Guest Post: What are Modern Colors?

Kelly Berg is an Interior Designer, Color Consultant and Writer/Blogger. Established in 2003, her business, Arte Styling, focuses on Interior Design and Color Psychology with the mission to inspire individuals and organizations to express their authenticity and truest design visions. Kelly holds a B.F.A. in Interior Design from the Design Institute of San Diego, a B.A in Communication from U.C. San Diego and is a member of the IIDA and IACC-NA. Her blog was born out a desire to learn and share unique color and design perspectives and to (hopefully) encourage others to do the same.

What are “Modern” Colors?
By Kelly Berg

Donʼt know? Letʼs do a little Google image search.

Hereʼs what Google image pulls for the term “Modern Colors”.

And hereʼs what pops up when we enter the search term “Modern Interior Colors”. Relatively colorful, right?

Now look what happens when we eliminate the word “color” and enter a term like “Modern Living Room”. Notice anything different?

Here, letʼs look a little closer...

What colors do you see?

Pretty achromatic.

Iʼm confused. Shouldnʼt a search for “Modern Living Room” bring up similar images to “Modern Interior Colors?” Why is it that by eliminating the word “color” we are left with no color at all? That might seem like a strange question with an obvious answer - I didnʼt ask for color, so Iʼm not going to get it. But think about that for a minute. Basically, whatʼs being communicated is that a modern living room is most often described, at least through Google images, as a room with no color.

Google images isnʼt the only place youʼll find this theory.

Check out some of these homes from Dwell, the shelter magazine with the tagline “At Home in the Modern World.”

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Overall, weʼre not getting much color here, are we? Itʼs pretty much white, wood, and steel with an occasional pop of red and black. In looking at these images, I canʼt help but wonder if Dwell is defining a color palette for the “modern” home? Or is that giving the publication too much credit?

Who decides whatʼs “modern” anyway?

The dictionary defines modern as:
mod·ern  [mod-ern] –adjective
  1. of or pertaining to present and recent time; not ancient or remote: modern city life.
  2. characteristic of present and recent time; contemporary; not antiquated or obsolete: modern viewpoints.
  3. of or pertaining to the historical period following the Middle Ages: modern European history.
  4. of, pertaining to, or characteristic of contemporary styles of art, literature, music, etc., that reject traditionally accepted or sanctioned forms and emphasize individual experimentation and sensibility.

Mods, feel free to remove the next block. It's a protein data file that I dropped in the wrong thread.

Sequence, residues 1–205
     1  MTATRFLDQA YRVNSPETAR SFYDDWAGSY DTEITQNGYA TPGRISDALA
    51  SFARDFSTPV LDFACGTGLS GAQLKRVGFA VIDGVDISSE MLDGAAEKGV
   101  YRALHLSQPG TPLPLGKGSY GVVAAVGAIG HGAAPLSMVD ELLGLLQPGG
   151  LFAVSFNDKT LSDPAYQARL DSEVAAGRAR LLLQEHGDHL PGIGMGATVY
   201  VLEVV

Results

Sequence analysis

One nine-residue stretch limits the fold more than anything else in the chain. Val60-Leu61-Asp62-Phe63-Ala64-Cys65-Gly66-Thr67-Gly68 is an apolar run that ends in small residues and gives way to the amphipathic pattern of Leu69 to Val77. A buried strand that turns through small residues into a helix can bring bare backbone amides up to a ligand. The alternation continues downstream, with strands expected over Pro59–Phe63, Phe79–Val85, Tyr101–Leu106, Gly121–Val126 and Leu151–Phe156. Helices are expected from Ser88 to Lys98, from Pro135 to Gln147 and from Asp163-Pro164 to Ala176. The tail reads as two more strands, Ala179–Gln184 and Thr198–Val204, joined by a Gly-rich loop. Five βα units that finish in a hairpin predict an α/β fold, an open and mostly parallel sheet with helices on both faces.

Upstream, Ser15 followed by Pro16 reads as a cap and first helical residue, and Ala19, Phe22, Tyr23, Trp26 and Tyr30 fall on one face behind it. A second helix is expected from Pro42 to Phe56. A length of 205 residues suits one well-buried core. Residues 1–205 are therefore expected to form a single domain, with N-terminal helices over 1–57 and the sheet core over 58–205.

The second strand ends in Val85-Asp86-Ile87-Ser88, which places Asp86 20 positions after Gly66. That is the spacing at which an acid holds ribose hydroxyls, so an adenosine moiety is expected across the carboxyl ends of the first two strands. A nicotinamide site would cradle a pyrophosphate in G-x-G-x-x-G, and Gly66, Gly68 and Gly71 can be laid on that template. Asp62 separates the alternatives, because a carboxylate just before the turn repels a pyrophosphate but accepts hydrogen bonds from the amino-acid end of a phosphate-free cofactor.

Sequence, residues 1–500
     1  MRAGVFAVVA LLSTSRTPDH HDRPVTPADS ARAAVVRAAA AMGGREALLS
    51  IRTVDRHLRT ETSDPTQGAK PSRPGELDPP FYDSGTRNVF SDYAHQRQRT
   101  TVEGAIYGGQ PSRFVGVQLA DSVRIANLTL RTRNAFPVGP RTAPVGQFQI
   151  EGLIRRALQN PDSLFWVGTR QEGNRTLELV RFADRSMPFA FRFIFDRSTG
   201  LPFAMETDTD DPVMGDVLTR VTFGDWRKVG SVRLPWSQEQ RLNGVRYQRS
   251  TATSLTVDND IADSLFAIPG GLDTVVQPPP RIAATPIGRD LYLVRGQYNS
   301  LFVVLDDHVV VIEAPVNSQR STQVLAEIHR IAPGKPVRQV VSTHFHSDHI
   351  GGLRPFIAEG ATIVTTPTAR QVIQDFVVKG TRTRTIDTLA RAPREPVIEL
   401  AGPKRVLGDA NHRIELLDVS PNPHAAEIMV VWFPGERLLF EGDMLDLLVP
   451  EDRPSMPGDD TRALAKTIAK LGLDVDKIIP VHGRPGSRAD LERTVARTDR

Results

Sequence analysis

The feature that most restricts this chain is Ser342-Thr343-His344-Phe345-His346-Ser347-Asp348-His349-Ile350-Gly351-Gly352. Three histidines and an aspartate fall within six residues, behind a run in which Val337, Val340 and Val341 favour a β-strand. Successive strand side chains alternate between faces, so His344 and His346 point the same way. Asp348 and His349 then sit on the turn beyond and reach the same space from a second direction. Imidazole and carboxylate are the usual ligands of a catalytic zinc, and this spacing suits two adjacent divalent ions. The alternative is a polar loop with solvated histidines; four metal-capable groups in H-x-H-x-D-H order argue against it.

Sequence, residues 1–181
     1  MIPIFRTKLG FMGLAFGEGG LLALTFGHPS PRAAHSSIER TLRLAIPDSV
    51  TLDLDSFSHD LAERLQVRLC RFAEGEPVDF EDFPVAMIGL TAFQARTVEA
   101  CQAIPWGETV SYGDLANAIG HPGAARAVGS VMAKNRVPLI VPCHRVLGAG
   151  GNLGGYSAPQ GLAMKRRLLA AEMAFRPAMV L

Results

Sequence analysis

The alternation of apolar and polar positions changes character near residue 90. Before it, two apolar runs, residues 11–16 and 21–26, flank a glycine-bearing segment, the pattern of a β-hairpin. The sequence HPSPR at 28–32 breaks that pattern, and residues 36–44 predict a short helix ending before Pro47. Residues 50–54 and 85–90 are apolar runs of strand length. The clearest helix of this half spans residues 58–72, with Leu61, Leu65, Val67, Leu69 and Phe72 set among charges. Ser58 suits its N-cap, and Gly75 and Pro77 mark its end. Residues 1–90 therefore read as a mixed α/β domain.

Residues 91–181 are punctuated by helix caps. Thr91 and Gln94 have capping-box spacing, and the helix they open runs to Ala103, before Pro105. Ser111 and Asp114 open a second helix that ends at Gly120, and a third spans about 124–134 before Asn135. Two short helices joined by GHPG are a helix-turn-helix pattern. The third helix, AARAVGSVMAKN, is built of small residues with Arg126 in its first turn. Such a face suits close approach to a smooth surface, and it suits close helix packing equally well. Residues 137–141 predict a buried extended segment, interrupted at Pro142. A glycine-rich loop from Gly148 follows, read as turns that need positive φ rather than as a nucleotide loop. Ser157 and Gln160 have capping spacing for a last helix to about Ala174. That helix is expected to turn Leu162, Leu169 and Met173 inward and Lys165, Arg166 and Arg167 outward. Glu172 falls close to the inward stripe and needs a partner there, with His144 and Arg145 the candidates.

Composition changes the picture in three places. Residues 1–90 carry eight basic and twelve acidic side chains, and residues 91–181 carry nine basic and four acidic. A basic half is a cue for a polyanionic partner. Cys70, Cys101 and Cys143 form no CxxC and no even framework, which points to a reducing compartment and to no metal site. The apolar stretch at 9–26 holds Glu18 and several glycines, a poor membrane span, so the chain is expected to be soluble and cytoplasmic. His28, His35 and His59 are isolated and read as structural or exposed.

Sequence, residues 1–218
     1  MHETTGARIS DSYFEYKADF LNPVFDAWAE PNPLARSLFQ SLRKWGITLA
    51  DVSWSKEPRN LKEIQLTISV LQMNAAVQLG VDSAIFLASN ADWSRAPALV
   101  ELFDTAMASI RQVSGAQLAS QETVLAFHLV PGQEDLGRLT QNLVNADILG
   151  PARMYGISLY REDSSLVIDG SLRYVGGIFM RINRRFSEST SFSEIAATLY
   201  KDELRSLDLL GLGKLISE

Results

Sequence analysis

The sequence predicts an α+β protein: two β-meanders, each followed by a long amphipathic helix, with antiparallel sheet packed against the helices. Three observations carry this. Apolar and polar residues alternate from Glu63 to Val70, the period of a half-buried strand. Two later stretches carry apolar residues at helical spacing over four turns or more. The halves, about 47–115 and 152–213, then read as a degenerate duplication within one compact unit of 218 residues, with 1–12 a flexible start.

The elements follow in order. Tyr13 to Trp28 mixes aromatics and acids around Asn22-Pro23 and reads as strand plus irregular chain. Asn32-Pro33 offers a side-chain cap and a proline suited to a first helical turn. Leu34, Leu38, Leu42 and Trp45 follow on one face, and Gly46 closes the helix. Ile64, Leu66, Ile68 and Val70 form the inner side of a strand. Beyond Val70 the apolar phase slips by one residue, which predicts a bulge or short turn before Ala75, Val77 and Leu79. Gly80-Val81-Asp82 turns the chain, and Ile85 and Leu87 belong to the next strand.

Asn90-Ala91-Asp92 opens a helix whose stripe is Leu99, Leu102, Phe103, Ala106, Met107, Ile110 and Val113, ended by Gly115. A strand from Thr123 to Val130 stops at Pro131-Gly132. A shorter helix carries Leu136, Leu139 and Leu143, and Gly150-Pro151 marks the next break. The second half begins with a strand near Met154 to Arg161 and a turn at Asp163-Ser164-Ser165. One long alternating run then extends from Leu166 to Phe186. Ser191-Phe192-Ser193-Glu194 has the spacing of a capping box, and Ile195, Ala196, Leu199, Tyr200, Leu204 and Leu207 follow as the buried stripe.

Not sure if that helps us with color too much. Maybe the idea of achromatic living spaces came from the Modernist architectural movement of the 1920s to 1940s? We generally think of this movement as producing streamlined designs with minimal decorative properties - color being one of those properties.

Although, it is a bit of a misnomer that color wasn’t used during the Modernist movement. Curiously enough, Josef Albers, famous for his color studies book “Interaction of Color”, was a student of the famous Bauhaus school. And early on, Walter Gropius, the founder of Bauhaus, hired color legend Johannes Itten to teach at the school! (Great article at AT , “The History of Bauhaus and Its Influence”)

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And if that’s not enough, KT Color recently unveiled a collection of paint colors that are based on hues commonly used by Le Corbusier...and they aren’t just shades of grey.

So where does that leave us with “Modern” colors? I actually found my answer by looking into the past. (Ironic, huh?) I have this amazing book, Space for Living: Creative Interior Decoration and Design, written by Paul T Frankl in 1938. Mr. Frankl was an architect-turned-designer who embraced American Modernism. He explains the relationship between modern design and color so eloquently:
“To be modern is to feel young, to be full of vigor and freshness, to be exciting to ourselves and to others, to enjoy life, to enjoy what we do and to have our work communicate to others the joy and pleasure that went into doing it. What part of our job would be better fitted to express our moods, our joys and our sorrows than the color scheme in its liveliness, its animation, its fragrancy, freshness and vividness? To be successful we must have complete confidence in ourselves.”
So, what do “Modern” colors mean to you? Are they like Dwell, with a focus on “natural” materials such as steel, concrete, wood, etc? Or are they anything you want them to be, representing vigor and freshness and excitement?